Every aspect of the dish is important, and dishes are never too simple; the goal is to create harmony between the ingredients. Some Thai dishes, like Green Papaya salad, present all the flavors: sour, sweet, spicy, and salty.

Thai cuisine can be divided into five regions: Bangkok, Central Thai, Isan, Northern Thai, and Southern Thai. Each region is characterized by its own flavors, with influences coming from the close neighbors like Laos, Myanmar, Cambodia, and China.

Dining Etiquette

In Thailand, families are quite big and it is common to share a meal all together. Families eat sitting on a mat on the floor. They eat their food using only the right hand (the left hand is considered impure).

When Rama V was educated by an English woman, he found out that knives are not suitable for Thai food, but he introduced the fork and the spoon, which are still used by everyone today (chopsticks are used only for some noodle soups). Thai people push the food on the spoon using the fork, and then put the spoon in the mouth; they never directly eat with the fork.

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There are two components of a Thai wedding: a Buddhist one where people pray and offer food to monks, and a laic part, coming from folk tradition.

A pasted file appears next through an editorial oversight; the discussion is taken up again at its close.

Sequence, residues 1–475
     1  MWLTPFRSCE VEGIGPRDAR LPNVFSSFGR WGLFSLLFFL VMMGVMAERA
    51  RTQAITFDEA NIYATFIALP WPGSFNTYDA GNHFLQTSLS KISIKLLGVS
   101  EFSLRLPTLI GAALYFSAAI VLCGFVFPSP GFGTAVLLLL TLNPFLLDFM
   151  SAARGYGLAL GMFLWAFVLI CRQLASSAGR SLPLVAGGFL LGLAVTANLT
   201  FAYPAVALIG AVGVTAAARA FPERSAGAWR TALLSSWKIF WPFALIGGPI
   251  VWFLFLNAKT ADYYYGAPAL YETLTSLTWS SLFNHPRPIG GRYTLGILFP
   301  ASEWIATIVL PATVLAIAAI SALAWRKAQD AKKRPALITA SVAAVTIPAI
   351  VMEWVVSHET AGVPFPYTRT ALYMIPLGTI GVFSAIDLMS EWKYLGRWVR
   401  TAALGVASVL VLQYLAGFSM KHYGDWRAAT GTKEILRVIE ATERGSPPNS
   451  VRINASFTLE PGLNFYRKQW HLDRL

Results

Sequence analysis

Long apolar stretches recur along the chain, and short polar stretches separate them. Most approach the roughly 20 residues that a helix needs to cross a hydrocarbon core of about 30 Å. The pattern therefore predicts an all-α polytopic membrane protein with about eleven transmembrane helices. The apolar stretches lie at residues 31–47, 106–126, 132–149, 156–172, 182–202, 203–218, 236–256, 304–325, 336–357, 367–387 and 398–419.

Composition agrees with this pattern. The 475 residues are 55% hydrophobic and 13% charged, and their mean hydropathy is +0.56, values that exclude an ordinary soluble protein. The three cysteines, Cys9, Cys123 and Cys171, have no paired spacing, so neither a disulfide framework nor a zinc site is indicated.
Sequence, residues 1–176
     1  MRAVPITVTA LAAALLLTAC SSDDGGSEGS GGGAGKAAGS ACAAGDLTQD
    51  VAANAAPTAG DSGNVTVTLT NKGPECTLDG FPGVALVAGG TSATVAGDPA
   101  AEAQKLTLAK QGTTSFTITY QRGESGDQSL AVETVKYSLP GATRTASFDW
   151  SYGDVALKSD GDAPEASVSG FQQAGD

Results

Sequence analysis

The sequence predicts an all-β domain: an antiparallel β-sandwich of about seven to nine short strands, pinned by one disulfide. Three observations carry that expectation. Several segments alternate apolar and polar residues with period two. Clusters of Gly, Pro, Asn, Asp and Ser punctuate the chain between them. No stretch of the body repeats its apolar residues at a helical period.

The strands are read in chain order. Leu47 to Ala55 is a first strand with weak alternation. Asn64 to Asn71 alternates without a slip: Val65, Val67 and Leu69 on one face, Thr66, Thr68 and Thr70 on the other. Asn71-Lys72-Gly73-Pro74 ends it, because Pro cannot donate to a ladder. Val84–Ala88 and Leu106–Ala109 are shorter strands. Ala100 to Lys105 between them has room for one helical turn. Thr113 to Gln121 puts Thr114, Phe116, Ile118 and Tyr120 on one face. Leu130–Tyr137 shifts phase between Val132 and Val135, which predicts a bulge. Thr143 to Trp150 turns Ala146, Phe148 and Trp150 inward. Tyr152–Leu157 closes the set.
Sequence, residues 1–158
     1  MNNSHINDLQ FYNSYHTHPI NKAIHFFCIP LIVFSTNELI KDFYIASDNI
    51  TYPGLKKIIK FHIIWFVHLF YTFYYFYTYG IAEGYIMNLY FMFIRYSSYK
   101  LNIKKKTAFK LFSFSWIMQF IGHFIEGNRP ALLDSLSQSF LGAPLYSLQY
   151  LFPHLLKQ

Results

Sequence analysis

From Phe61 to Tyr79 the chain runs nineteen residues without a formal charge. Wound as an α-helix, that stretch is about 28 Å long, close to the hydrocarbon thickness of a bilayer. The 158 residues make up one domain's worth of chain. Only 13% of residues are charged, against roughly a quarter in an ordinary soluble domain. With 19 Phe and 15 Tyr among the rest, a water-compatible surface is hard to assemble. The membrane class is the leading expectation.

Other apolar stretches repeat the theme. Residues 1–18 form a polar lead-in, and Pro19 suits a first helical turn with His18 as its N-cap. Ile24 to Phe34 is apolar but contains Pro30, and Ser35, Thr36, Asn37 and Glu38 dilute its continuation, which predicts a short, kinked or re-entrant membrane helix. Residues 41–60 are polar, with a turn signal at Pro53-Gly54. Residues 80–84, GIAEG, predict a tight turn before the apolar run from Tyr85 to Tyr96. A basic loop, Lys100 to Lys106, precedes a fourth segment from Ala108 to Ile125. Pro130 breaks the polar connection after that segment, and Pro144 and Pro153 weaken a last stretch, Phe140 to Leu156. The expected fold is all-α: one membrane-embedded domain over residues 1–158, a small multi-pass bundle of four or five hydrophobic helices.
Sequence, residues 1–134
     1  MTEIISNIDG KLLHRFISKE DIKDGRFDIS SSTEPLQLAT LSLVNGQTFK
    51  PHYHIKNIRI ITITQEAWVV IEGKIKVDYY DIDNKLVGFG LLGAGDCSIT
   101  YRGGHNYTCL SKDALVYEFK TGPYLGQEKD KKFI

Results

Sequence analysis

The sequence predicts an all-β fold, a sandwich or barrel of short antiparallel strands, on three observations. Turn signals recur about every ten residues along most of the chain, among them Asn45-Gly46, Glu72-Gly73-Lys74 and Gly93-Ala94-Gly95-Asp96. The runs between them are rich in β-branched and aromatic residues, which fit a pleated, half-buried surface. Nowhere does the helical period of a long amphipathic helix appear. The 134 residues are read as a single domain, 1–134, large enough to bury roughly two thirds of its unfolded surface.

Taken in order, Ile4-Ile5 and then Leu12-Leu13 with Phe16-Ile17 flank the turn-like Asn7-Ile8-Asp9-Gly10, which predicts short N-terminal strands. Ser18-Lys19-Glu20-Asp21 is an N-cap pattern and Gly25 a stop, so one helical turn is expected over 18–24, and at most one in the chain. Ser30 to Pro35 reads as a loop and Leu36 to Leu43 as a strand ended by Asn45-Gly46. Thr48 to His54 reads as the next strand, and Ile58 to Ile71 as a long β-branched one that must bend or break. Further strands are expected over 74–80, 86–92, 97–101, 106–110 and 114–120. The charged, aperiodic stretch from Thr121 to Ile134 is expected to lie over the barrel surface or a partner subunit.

Nowadays, people will visit the temple and the monks even during the non-Buddhist part (which was prohibited in the past), and some weddings are held within the temple.

During the Buddhist component, the couple pay their respects to Buddha, pray, and sing, lighting incense and candles before the images. Gifts and money are given to the temples and the monks, who bless the new couple. Sin sot is the Thai dowry system. The groom pays a sum to the family to compensate for the loss of a daughter and to demonstrate that he is able to take care of the bride.


Funerals, lasting one week, see a lot of activities to make merit for the deceased. People will distribute copies of the Buddhist scriptures and give small gifts to the monks, who will chant prayers for the deceased. Crying is not well seen, as it might disturb the spirit of the departed.